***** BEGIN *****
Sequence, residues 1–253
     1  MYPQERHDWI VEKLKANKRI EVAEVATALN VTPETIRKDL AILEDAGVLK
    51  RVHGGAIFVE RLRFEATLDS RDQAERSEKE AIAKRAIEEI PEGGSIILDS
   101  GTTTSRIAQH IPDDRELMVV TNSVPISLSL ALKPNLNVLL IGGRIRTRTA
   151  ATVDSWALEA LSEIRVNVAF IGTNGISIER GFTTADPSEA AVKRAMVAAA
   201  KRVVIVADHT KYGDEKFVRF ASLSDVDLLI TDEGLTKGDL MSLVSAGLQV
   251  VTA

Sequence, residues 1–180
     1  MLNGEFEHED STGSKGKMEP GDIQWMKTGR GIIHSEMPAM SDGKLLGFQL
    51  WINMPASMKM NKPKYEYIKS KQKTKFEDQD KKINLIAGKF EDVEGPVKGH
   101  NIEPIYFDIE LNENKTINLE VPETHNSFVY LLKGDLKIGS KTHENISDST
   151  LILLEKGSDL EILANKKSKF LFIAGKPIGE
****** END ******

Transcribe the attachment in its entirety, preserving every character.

Sequence, residues 1–253
     1  MYPQERHDWI VEKLKANKRI EVAEVATALN VTPETIRKDL AILEDAGVLK
    51  RVHGGAIFVE RLRFEATLDS RDQAERSEKE AIAKRAIEEI PEGGSIILDS
   101  GTTTSRIAQH IPDDRELMVV TNSVPISLSL ALKPNLNVLL IGGRIRTRTA
   151  ATVDSWALEA LSEIRVNVAF IGTNGISIER GFTTADPSEA AVKRAMVAAA
   201  KRVVIVADHT KYGDEKFVRF ASLSDVDLLI TDEGLTKGDL MSLVSAGLQV
   251  VTA

Sequence, residues 1–180
     1  MLNGEFEHED STGSKGKMEP GDIQWMKTGR GIIHSEMPAM SDGKLLGFQL
    51  WINMPASMKM NKPKYEYIKS KQKTKFEDQD KKINLIAGKF EDVEGPVKGH
   101  NIEPIYFDIE LNENKTINLE VPETHNSFVY LLKGDLKIGS KTHENISDST
   151  LILLEKGSDL EILANKKSKF LFIAGKPIGE